Frog in boiling water – why we stay in abusive relationships so long.

Why did I stay so long? Why didn’t I see it until now? How could I have done this to myself and my children?

These are the questions I hear from abuse survivors ALL. THE. TIME.

They blame themselves for being abused. They take responsibility for the behaviour of their abuser. They carry soul crushing guilt for exposing their children to their abuser, as if somehow they could control it.

So here’s the answer to that question. The frog in the boiling water story.

If you put a frog into a pot of boiling water, it will jump straight out. It will escape immediately.

If you put a frog into cold water and turn the gas on, even as the water warms, boils and burns him, he doesn’t attempt to leave. He doesn’t notice that he’s literally being killed yet has the ability to escape at any time.

And that’s what it’s like in an abusive relationship. If you went on a first date, and the person you were with punched you, (whether provoked or not), it’s highly likely you wouldn’t ever see them again. You may even call the police. You would more than likely tell your friends and loved ones what they had done. But you wouldn’t for a second think it was your fault. Or at least, I hope you wouldn’t.

So now lets think about two years of relationship. Two years of being drip fed comments about how lucky you are they love you because no one else would ever put up with you. Two years of shared experiences. Two years of being trauma bonded through love bombing and withdrawal. Two years of being told you’re the best thing that ever happened to them, and two years of being chipped away at, niggled, nagged, belittled, put on a pedestal, taken off it, worshipped, raged against. Two years of a war waged against your self-esteem and autonomy.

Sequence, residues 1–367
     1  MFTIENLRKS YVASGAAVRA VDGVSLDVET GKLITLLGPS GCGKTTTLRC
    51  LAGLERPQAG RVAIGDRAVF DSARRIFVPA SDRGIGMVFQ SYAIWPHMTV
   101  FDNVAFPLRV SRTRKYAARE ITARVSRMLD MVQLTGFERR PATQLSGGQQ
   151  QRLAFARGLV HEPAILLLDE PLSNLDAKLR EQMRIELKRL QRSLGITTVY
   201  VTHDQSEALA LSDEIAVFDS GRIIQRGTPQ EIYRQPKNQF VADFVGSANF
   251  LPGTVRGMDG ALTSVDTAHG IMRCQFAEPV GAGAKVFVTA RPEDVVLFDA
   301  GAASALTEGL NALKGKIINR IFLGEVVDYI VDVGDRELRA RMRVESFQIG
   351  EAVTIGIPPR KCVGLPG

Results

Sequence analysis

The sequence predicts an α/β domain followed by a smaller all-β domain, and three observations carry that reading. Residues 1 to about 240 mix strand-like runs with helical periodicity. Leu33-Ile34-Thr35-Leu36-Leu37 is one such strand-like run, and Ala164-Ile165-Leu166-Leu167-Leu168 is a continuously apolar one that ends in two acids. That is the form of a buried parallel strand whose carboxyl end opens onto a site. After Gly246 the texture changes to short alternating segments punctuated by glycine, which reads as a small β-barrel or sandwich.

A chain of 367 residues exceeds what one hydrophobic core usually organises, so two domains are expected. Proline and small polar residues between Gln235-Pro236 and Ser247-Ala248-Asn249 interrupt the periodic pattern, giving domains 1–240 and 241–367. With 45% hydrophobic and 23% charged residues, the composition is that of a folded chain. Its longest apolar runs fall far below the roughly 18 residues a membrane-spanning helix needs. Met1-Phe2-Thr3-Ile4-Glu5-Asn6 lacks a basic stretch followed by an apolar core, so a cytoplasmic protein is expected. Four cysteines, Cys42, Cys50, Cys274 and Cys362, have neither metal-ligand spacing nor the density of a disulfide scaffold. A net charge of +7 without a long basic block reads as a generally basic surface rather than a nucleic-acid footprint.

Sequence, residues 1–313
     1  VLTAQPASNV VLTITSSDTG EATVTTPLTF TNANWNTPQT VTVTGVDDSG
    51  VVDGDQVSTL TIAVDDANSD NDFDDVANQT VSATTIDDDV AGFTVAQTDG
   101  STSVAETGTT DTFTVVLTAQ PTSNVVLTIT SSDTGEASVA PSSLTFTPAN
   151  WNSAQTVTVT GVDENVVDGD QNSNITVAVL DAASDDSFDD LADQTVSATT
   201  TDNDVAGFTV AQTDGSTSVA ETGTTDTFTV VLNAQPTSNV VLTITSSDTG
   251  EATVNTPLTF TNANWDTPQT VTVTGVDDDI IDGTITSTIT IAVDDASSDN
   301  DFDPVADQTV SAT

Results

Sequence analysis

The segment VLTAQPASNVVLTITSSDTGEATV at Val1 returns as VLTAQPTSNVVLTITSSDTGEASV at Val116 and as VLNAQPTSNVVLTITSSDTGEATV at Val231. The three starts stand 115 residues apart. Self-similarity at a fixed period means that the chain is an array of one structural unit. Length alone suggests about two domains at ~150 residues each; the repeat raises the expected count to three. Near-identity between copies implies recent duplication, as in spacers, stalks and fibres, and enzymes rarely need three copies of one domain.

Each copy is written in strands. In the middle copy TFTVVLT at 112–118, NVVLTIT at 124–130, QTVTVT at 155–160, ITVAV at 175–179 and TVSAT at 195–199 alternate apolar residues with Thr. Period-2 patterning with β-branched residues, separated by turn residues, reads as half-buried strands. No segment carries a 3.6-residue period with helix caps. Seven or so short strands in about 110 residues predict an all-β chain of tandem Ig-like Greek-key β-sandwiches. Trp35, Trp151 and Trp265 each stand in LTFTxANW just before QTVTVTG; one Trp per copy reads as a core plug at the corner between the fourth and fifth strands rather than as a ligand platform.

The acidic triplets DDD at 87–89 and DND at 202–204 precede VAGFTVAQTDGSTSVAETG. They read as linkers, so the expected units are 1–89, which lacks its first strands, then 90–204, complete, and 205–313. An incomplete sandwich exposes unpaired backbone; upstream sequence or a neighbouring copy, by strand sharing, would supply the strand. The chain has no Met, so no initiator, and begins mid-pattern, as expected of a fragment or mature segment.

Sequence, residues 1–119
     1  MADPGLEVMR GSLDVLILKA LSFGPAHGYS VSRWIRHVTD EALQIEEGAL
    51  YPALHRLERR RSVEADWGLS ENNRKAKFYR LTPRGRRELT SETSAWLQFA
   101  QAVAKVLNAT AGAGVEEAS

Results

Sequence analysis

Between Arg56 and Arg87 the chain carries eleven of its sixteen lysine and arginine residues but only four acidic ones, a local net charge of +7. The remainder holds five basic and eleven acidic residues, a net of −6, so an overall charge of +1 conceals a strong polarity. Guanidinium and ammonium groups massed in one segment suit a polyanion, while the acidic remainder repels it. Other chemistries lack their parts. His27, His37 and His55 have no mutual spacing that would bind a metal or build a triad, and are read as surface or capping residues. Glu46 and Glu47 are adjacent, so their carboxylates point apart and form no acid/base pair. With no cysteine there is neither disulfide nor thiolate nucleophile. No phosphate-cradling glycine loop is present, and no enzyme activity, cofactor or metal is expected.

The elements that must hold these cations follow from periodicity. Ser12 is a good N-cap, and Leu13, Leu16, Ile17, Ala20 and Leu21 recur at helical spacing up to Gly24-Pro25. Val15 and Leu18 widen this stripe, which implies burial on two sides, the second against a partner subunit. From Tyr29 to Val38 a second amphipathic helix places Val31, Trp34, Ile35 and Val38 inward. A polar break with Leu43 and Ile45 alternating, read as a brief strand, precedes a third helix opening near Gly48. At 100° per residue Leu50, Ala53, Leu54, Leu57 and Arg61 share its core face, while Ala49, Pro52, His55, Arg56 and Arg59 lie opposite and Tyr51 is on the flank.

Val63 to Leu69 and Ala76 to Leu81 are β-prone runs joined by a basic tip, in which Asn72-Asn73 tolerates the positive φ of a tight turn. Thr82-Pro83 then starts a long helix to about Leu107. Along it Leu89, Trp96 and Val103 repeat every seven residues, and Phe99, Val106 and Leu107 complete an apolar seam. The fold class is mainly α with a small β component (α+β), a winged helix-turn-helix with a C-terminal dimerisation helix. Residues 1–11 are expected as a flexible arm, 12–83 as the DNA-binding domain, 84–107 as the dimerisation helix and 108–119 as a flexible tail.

And then they punch you.

And then they blame you.

And then they promise you they won’t ever do it again.

And somehow they become the victim for hitting you.

And you don’t know who to tell. You don’t know how to leave. You think it’s your fault. You think you deserve it.

And maybe they don’t do something as tangible as hit you. They ‘just’ dominate, control, threaten to leave, worship, idolise, shower with affection, scream at, buy presents for, put you down, pull you up.

They emotionally abuse you to the point you don’t even know if you like your steak done rare or well, you don’t even know if you LIKE steak! Weren’t you a vegetarian before you met them?

Your autonomy is lost. Your sense of self is gone. Your confidence in tatters. You don’t know how to exist without the push pull of the relationship, because you’re the frog in the water that’s been heating for the last two years.

That’s why we stay in abusive relationships. That’s why we don’t question that which surrounds us. That’s why people looking in from the outside are so horrified and perhaps so judgemental. Because if they walked into the relationship where you are right now, they would jump straight out.

Those who have lived it for the two years can’t see it. It isn’t until something finally breaks through the fog, that we can see the light. And even then we are still at risk. Because the trauma bond provokes the same chemical reactions in our brain as heroin addiction. And we all know how devastating that is. The pain of clearing the fog is more unbearable than the fog itself, and so we allow it to envelop us again.

So next time you are beating yourself up for someone else’s abuse of you/behaviour, remember that poor frog not noticing his water boiling around him. We are not responsible for the behaviour of others. Our responsibility only lies in helping ourselves understand why we ignored the behaviours that trapped us. And that takes a lot of work, a lot of therapy, and a lot of pain.

With that in mind, when you next share the hashtag #bekind, remember this:

That #bekind movement really needs to start with yourself.

Take care, stay safe, and if possible, stay home.
Helen x

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